Lord of the Rings vs Star Wars


Two box office hits, each a milestone of their time, “Lord of the rings” and “Star Wars


A lot can happen in 25 years, and in the fast-paced, high-budgeted land of hollywood, a lot has. So much so, in fact, that an influential movie of a generation, "Star Wars," really does seem like it came out a long, long time ago, from a galaxy far, far away. Yet the 1977 film, once at the peak of visual effects, still one of the top 10 earning films ever, continues to be admired by its fans. Moreover still is one of the all-time greatest movies ever. It Peter Jackson\'s rendition of "Lord of the Rings: The Fellowship of the Ring," hyped as the "Star Wars" for a new generation. The movie\'s rocket start at the box office -- $205 million after 19 days and more than $350 million worldwide, is fueled by a huge fan base for J.R.R. Tolkien\'s 20th century "Lord of the Rings" books. The CGI-loaded fantasy is everything that makes a contemporary Hollywood action film famouse. It has an epic story, it\'s visually stunning and it has deep thoughts behind it that gives the action life. The first installment of the three-part series remains faithful to the heart of Tolkien\'s novel.


"LOTR" and "Star Wars" share a long list of thematic similarities. They\'re both mythical creature fantasies determined on rescuing good from the authority of evil. Both feature circumstantial heroes who make “Wizard of Oz” like journeys and come of age in the process. There are also dozens of external similarities. Both movies feature mentors who duel “evil doers” atop narrow passageways, as well as secondary villains, Darth Vader and Saruman the White, both deserters to the dark side, both fond of supernatural violence, who provide the more visible nemesis. Along the way, both heroes come across women in white gowns, true friends, sidekicks playing for laughs and faceless drones (Storm Troopers and orcs). Both make use of mystical languages, mystical spiritual beliefs and key scenes in bars and in swamp-like pits (compare the swamp at the gates of Moria with the garbage chute in the Death Star).


Far simpler than Tolkien\'s complex world of Middle-earth, the universe of "Star Wars" is more similar to our own. Appropriately, "Star Wars" is the more human of the two movies, infusing each major character with thematic clarity befitting flesh-and-blood action heroes. Bring to mind Luke Skywalker\'s impatient dreamer, Obi-Wan Kenobi\'s involved and steady-handed mentor, Leia\'s up-beat rebel princess, Han Solo\'s self-serving cynic, and remember that all four go through individual transformation: Luke learns to use the Force, Obi-Wan sacrifices himself for the rebel cause, Leia becomes less cold hearted and Han learns to care about others. Lucas even delineates the droids: C3PO as the talkative killjoy, R2D2 the headstrong one, with a child prankster like attitude. Without doubt, the vigor of Lucas\' pop icons have formed many a exemplars for others to extensively study his script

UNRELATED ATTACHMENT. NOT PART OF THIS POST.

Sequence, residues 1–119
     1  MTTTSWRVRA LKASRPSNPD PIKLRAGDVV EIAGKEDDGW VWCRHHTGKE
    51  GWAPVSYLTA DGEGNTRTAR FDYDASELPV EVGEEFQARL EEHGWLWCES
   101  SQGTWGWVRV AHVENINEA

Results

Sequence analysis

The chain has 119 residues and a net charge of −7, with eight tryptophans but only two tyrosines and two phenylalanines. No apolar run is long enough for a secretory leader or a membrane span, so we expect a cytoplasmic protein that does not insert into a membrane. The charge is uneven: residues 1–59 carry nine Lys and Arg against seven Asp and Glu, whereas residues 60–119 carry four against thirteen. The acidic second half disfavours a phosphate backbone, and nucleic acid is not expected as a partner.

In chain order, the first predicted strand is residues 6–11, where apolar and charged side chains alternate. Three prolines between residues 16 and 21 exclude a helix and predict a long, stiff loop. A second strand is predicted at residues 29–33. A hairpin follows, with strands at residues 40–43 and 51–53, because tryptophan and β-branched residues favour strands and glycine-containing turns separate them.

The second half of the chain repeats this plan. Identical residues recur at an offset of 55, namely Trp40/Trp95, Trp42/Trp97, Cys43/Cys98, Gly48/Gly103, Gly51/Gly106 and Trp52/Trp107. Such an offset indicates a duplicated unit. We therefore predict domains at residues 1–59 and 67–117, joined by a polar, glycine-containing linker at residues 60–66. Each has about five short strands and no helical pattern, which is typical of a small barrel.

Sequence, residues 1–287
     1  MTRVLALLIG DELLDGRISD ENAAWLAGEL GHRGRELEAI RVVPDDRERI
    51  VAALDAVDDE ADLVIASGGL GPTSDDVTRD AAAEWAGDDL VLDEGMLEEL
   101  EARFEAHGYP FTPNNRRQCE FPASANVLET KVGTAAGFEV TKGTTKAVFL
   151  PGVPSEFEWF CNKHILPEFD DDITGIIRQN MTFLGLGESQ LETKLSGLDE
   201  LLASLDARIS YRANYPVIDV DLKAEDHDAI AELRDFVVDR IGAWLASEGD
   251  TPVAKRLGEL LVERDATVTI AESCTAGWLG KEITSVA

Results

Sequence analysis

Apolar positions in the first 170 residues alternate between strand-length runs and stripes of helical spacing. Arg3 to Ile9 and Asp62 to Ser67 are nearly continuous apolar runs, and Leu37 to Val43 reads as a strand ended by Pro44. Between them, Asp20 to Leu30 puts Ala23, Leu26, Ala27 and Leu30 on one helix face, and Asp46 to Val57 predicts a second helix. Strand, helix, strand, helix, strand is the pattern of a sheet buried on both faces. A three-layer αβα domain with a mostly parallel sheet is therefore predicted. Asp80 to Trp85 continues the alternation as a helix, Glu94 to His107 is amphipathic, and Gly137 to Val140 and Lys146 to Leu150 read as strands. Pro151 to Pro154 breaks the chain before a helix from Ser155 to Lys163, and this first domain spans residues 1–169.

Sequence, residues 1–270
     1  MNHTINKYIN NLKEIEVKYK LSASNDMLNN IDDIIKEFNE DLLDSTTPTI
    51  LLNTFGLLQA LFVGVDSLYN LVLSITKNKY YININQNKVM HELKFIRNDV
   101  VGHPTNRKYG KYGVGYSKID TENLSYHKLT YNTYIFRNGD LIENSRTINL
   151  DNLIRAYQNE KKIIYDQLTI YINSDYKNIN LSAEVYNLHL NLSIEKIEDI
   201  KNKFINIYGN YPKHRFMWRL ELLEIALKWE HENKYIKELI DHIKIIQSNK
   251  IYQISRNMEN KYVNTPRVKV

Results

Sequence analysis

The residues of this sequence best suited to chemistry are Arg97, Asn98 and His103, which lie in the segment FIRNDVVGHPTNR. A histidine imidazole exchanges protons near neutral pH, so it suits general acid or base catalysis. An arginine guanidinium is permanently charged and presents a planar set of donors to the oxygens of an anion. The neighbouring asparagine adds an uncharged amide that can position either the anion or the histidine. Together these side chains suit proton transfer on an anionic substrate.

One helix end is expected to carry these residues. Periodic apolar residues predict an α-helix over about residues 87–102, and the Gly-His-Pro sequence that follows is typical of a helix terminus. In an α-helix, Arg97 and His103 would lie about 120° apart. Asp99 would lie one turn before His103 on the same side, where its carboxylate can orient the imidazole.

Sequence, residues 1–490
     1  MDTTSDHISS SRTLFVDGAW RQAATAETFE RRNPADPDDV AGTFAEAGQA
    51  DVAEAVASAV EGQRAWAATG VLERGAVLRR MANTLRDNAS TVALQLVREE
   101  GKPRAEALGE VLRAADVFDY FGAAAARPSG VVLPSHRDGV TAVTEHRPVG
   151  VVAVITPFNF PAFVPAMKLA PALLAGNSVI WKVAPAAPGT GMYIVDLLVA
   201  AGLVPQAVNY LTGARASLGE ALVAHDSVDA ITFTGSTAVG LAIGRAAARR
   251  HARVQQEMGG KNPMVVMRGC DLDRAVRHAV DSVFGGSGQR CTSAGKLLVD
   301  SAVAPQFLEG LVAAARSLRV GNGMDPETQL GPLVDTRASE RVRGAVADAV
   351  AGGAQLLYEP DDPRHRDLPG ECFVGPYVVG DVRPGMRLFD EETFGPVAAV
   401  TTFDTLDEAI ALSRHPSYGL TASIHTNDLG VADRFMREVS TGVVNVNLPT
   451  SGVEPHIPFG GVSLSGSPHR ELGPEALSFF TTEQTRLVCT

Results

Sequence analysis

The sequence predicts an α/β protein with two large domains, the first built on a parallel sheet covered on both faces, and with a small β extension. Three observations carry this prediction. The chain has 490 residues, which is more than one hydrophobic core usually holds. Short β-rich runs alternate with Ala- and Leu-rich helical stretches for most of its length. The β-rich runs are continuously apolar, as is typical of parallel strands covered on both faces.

Accordingly, the "Star Wars" universe is just a setting for what is inevitably a highly compelling, if not entirely original, story. "Star Wars" makes use of technical-sounding slang to give itself a sci-fi feel, but it is clear at all times that any film requires the four main elements of entertainment: plot, character, story arc, dramatic tension. For example, Luke\'s Uncle Owen argues with the Jawas about the capabilities of various droids, but the point is not to show off noncence argueing but rather to show the humor in the haggling rug-merchant tactics of an aggressive little Jawa.


"Star Wars" is only a movie, and it never loses sight of that. It doesn\'t aim higher, and doesn\'t have to. As a result, "Star Wars" keeps from pretending its heroes are anything other than flawed humans. Yet, Lucas\' movie does not keep from displaying the reality of human struggle: In reference to the inferiority of droids ("We don\'t serve their kind here"), Lucas allows bits of cruel reality, things like prejudice to leak into his world. in the “Star Wars” world being on the same side does not guarantee people will get along: Darth Vader comes very close to strangling a few of his own kin, and as for Luke, his rivalry with Han is